- BlackRock CEO Larry Fink took a 30% pay cut last year, pocketing a total of $25.2 million.
- BlackRock has been hit by economic uncertainty, leading to pay cuts for top execs.
- Apple’s Tim Cook, Goldman Sach’s David Solomon, and Google’s Sundar Pichai are other CEOs taking pay cuts.
BlackRock CEO Larry Fink is the latest corporate leader to take a pay cut for 2022 as his total compensation shrank 30% to $25.2 million, per a Friday regulatory filing.
For “partially” meeting his performance goals, the 70-year-old executive pocketed $1.5 million in base salary, $7.25 million in cash incentives, $3.75 million in deferred equity, and $12.7 million as a long-term incentive award in 2022, per the filing.
Fink — who co-founded BlackRock in 1988 — made $36 million in 2021. While Fink’s pay — before and after his 2022 pay cut — is still quite significant, it’s far from the top of the CEO pay scale in the US. Top on the list in 2021 was Tesla, Twitter, and SpaceX CEO Elon Musk who earned $23.5 billion in 2021, while Apple CEO Tim Cook made $771 million and came in second, according to a Fortune compilation in May 2022.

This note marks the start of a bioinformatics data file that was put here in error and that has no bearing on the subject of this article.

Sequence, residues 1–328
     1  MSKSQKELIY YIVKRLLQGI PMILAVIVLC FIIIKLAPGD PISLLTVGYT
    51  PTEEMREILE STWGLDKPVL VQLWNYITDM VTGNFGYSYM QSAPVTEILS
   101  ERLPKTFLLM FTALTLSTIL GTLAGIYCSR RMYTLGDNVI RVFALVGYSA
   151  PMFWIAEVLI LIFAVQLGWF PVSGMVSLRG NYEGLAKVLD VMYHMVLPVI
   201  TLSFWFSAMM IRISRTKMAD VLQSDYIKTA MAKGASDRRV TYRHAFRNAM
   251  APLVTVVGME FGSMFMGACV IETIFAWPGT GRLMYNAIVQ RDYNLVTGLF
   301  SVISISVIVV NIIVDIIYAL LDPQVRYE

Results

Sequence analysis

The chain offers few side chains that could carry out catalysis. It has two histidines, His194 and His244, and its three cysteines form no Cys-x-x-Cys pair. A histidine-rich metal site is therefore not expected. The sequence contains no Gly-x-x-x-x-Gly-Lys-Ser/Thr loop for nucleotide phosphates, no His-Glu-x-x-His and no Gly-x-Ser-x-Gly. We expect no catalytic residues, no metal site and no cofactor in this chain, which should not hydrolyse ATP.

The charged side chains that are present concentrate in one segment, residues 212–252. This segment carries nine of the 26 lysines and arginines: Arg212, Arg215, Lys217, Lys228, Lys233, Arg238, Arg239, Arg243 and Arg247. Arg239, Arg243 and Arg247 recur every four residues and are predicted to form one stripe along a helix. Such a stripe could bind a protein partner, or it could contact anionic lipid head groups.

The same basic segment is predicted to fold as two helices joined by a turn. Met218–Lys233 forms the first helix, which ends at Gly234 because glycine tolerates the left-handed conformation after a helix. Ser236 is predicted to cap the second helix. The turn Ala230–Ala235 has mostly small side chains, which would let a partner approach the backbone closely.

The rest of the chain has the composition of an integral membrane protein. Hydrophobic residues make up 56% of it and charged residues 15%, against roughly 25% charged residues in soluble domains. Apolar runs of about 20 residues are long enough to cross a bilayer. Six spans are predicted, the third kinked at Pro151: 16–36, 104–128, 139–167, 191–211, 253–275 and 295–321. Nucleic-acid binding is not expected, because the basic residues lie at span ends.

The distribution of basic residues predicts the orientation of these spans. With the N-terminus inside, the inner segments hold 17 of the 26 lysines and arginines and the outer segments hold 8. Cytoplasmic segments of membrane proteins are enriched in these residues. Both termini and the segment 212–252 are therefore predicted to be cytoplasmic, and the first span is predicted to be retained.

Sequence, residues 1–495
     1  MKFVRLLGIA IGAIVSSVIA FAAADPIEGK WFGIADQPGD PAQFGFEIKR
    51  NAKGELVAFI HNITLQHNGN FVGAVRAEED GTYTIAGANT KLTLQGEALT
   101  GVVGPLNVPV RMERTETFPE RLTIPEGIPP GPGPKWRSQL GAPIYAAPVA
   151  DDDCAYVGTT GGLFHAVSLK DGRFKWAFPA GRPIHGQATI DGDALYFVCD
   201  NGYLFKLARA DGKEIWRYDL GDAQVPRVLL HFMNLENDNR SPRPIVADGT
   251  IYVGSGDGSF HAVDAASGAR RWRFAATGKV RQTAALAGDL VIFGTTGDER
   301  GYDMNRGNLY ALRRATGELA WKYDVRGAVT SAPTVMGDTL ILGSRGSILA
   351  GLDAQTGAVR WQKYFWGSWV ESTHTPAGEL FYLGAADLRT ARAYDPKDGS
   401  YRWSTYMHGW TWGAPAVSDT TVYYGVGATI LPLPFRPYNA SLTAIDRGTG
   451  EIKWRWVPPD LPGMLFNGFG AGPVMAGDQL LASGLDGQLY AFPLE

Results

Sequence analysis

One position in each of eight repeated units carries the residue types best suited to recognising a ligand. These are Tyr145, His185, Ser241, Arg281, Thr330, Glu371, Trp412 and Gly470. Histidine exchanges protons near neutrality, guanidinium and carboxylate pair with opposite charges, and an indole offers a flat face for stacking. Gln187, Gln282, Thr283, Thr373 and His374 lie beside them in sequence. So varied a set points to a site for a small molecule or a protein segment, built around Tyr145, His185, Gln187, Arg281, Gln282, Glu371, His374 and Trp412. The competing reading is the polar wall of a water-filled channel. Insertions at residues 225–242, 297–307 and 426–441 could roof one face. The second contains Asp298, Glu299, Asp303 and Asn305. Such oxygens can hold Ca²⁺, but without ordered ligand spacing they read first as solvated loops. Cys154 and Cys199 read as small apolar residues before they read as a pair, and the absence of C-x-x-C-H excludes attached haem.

Among CEOs taking pay cuts are Apple’s Cook, Goldman Sach’s David Solomon, and Google’s Sundar Pichai. Amazon CEO Andy Jassy’s pay dropped to $1.3 million in 2022 from $212.7 million in 2021, Insider reported Friday.
It’s not just Fink, four other top executives at BlackRock — including the company’s president, CEO, and head of portfolio management — also saw their compensation plunge by around 30% last year.
BlackRock president Rob Kapito made $19 million; COO Rob Goldstein made $9.8 million; Rich Kushel, the head of portfolio management, made $7.7 million; and vice chairman and former CFO Garry Shellin made $6.9 million. Their performance assessments ranged from “partially meets” to “meets/exceeds,” per the filing.
BlackRock, the world’s largest asset manager, saw its assets under management fell 14% to $8.6 trillion on December 31, 2022, from a year ago, according to its full-year earnings release on 13 January 2023. The company posted an 8% decline in full-year revenue to $17.8 billion primarily driven by the market rout and a rise in the US dollar. Full-year profit fell 12% to $5.2 billion from a year ago.
The firm’s first-quarter 2023 profit fell 18% from a year ago, the company said in another Friday filing, but assets under management rose $9.1 trillion from $8.6 trillion in the fourth quarter of 2022.